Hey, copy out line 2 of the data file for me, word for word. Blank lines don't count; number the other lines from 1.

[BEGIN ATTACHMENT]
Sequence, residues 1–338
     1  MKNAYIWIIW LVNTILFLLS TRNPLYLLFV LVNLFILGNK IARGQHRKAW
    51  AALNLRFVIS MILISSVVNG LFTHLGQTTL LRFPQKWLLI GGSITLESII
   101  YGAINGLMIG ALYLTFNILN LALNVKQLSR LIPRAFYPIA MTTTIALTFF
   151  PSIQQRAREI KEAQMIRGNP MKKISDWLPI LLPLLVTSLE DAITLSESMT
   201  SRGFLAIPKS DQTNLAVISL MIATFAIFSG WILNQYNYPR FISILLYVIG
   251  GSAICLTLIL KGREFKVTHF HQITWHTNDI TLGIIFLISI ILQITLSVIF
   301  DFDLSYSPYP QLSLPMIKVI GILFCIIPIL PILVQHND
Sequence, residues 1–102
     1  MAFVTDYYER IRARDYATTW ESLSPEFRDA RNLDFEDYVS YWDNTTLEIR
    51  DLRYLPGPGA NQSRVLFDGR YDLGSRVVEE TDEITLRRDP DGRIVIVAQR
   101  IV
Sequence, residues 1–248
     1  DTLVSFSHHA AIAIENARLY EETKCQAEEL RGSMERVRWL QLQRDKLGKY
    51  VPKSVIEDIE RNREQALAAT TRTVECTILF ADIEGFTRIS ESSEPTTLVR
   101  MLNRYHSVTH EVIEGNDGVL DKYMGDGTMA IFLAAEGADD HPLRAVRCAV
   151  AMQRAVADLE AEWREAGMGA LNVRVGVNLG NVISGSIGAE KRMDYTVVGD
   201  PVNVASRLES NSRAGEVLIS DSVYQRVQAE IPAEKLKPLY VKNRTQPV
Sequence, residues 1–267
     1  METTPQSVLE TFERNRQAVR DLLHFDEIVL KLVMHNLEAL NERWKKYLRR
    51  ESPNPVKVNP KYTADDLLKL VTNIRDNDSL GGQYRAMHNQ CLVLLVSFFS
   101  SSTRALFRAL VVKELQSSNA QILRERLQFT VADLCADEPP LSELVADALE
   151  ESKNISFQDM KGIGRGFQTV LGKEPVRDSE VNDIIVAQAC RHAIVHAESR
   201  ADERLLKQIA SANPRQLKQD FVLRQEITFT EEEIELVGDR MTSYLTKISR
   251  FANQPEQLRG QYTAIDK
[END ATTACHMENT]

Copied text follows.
     1  MKNAYIWIIW LVNTILFLLS TRNPLYLLFV LVNLFILGNK IARGQHRKAW